Throughout the past 7 years, even as the stock market hit new all time highs, the biggest missing link of the overhyped US recovery (starting in August 2010 with Tim Geithner's infamous NYT Op-ed), was the failure of housing to participate. Sure, Chinese oligarchs were happy to launder their illicit funds in NYC triplexes and Wall Street Private Equity firms took advantage of zero-cost Fed money to buy distressed properties in bulk and convert them to rental units, but for the average American consumer there has simply been no recovery as the "Old Normal" housing dream is now forgotten and an entire generation is forced to rent the roof over their heads.
Whether this is due to lack of demand, or far stricter mortgage supply remains a topic debate, but one thing is undisputed: after a terrible 2014, mortgage applications in early 2015 saw a modest rebound. Alas, it has since proven to be merely the latest headfake in a long series of false starts.
The evidence: earlier today the largest U.S. mortgage lender Wells Fargo reported results that beat expectations by the smallest possible increment. What caught our attention, however, was the fuel that keeps Wells Fargo's engine humming: mortgage applications. Unfortunately for the housing bulls, there was no good news here because after rushing higher in early 2015 on the latest false hope of an economic recovery or due to fears rates are rising, Wells' mortgage applications and the associated pipeline have declined ever since.
As a reminder, without a strong pipeline of mortgages entering the Wells Fargo Net Interest Income engine, the future for the one bank that is most reliant on the recovery of the US housing market, is rather bleak.
But it wasn't just Wells Fargo's slowing mortgage application pipeline. Earlier today, the Mortgage Brokers Association reported that mortgage application activity plunged over 27% in one week following a comparable 25% surge the week prior sent them to an eight-month high. The drop was the steepest percentage drop since the week of Jan. 25, 2009 when it tumbled 38.8%.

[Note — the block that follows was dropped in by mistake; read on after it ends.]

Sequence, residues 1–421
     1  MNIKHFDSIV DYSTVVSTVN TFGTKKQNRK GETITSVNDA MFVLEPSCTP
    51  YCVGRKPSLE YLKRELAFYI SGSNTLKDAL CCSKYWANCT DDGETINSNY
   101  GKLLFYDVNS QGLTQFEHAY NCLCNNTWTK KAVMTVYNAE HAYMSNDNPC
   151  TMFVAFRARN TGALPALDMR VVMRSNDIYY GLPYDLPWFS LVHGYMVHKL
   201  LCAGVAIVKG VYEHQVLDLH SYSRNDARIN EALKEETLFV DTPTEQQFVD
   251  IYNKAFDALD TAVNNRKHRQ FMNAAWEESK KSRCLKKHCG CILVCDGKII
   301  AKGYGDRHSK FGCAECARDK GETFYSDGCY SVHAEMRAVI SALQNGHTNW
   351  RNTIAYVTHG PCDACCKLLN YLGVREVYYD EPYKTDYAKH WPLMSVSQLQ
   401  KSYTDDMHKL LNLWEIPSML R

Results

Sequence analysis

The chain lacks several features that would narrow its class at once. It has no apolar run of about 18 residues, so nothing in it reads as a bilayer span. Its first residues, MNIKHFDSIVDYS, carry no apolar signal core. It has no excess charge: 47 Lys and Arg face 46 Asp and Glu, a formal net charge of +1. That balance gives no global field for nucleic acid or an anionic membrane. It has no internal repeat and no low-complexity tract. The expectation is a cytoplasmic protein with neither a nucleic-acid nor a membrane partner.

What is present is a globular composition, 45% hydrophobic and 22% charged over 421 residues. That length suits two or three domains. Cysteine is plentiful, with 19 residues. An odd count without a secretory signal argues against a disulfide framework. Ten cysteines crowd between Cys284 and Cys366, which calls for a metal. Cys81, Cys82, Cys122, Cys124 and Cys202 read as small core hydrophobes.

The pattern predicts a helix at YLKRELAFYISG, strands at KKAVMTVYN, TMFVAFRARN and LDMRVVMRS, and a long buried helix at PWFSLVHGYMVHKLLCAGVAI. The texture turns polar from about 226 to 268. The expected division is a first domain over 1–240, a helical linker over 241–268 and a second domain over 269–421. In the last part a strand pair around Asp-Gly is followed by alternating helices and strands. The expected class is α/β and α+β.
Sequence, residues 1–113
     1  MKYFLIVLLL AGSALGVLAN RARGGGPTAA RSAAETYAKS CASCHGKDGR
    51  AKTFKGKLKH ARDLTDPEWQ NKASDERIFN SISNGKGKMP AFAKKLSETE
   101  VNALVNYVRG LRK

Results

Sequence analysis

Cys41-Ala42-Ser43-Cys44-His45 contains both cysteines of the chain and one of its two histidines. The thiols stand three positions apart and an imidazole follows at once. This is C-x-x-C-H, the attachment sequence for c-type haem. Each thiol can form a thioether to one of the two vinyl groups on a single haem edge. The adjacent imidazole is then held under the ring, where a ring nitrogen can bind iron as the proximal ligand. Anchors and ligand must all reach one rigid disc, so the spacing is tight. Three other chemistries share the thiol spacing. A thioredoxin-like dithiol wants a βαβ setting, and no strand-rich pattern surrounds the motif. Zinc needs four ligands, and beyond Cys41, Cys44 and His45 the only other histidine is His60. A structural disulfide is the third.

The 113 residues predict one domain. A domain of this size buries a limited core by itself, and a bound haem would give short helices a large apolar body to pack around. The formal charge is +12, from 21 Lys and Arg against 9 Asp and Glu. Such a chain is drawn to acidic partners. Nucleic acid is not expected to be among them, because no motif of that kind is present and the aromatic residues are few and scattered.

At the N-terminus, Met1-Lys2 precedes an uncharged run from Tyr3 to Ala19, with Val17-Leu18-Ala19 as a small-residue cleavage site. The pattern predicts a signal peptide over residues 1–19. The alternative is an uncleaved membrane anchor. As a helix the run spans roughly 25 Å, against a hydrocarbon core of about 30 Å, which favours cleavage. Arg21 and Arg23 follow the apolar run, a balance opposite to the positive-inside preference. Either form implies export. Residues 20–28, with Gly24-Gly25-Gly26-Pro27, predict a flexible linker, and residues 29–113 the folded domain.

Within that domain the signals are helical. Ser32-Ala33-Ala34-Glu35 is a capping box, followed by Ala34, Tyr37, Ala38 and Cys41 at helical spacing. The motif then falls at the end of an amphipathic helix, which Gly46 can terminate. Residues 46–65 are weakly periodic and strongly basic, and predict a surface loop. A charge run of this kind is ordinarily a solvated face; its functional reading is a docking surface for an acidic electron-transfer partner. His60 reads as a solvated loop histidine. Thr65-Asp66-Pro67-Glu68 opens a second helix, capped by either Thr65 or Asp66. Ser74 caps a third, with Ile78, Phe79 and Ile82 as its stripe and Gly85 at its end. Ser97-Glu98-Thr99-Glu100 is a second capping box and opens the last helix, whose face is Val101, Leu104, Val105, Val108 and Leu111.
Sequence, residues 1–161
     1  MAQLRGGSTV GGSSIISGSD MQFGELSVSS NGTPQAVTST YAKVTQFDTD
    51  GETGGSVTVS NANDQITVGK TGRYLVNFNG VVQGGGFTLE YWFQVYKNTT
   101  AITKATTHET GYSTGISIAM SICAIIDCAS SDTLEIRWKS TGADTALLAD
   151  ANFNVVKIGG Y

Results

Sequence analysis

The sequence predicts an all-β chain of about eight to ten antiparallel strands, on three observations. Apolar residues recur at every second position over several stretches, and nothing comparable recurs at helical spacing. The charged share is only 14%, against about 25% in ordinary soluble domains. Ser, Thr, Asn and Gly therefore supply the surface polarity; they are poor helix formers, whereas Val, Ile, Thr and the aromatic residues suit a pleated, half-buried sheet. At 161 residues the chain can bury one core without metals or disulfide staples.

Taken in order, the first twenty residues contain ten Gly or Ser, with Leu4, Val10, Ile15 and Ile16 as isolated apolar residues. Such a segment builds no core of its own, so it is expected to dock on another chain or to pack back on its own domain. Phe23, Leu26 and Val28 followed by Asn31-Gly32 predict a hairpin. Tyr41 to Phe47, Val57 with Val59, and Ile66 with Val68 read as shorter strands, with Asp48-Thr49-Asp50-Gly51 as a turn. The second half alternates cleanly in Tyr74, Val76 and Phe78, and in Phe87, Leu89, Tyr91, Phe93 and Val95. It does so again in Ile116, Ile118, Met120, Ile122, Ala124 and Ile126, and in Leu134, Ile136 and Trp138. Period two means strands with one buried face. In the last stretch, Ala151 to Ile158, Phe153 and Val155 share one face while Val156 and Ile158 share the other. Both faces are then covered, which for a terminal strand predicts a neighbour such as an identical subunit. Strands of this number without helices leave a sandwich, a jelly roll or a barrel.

The sharp drop, however, unlike the gradual decline in Wells mortgage applications was not due to fundamentals, but as a result of a rule change on loan disclosures which slowed the processing of loan requests.
The reason for the surge, and then plunge: a rule change from the federal Consumer Financial Protection Bureau, which entails replacement of two mortgage disclosure documents with two new forms. The rule is known as the TILA-RESPA Integrated Disclosures rule also known as TRID.
As Reuters notes, "application volume plummeted last week in the wake of the implementation of the new TILA-RESPA integrated disclosures, which caused lenders to significantly revamp their business processes, and as a result dramatically slowed the pace of activity," MBA's chief economist Mike Fratantoni said in a statement.
Some more details on TILA-RESPA from MarketWatch:
The federal government requires that as of Oct. 3 loan disclosure documents must combine the information required in the Truth in Lending Act (TILA) and the Real Estate Settlement Procedures Act (RESPA). Under the new rule change, known as the “Know Before You Owe” rule, or the TILA-RESPA Integrated Disclosure (TRID) regulation, consumers must be given the new combined Loan Estimate (LE) with all the charges, fees and line items three days before the closing, rather than at the closing on the HUD-1 form, which itself will disappear.
Closings may take a week more than usual, which could hurt home buyers who are depending on financing to come through quickly to have a chance against all-cash buyers, said Benjamin Niernberg, executive vice president of business development with Proper Title LLC, a title insurance company in Northbrook, Ill. “It can push the closing six days out, but we’re talking about business days, so if it falls on a weekend, it could be even longer,” he said.The new rules have been in the works since November 2013.
Worse, the new rule sets up a bottleneck in the process: "Joe Parsons, a senior loan officer at mortgage lender PFS Funding in Dublin, Calif., is even more pessimistic, saying TRID will likely delay closings as much as two weeks initially, and the delays will continue for the rest of the year. “It’s going to take about three months before everybody gets comfortable with this,” he said.
So call it the New Year before banks normalize the pipeline, or just around the time a foot or more of snow "crushes" the US economy once again, and resets the housing cycle to square one.
It also means that far from rising rates - a gambit which was meant to spoof potential homebuyers into rushing out to get a mortgage ahead of rising mortgage rates, a gambit which has since failed - the Fed will have to come up with a way to lower interest rates even further just in time for the US to finally decouple with the Emerging Market debt crisis and the Quantitative Tightening courtesy of the collapse in commodity prices.